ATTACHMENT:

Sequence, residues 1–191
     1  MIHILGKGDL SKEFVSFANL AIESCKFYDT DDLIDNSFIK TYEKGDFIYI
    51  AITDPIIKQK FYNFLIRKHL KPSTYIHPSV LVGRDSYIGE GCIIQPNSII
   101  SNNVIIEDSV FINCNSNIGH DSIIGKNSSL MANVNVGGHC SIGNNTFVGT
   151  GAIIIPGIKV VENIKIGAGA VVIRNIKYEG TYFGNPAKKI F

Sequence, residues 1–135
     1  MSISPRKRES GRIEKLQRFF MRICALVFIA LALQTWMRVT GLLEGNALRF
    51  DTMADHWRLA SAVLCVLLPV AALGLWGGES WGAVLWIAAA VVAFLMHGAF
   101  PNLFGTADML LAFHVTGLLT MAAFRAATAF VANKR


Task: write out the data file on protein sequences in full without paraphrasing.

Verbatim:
Sequence, residues 1–191
     1  MIHILGKGDL SKEFVSFANL AIESCKFYDT DDLIDNSFIK TYEKGDFIYI
    51  AITDPIIKQK FYNFLIRKHL KPSTYIHPSV LVGRDSYIGE GCIIQPNSII
   101  SNNVIIEDSV FINCNSNIGH DSIIGKNSSL MANVNVGGHC SIGNNTFVGT
   151  GAIIIPGIKV VENIKIGAGA VVIRNIKYEG TYFGNPAKKI F

Sequence, residues 1–135
     1  MSISPRKRES GRIEKLQRFF MRICALVFIA LALQTWMRVT GLLEGNALRF
    51  DTMADHWRLA SAVLCVLLPV AALGLWGGES WGAVLWIAAA VVAFLMHGAF
   101  PNLFGTADML LAFHVTGLLT MAAFRAATAF VANKR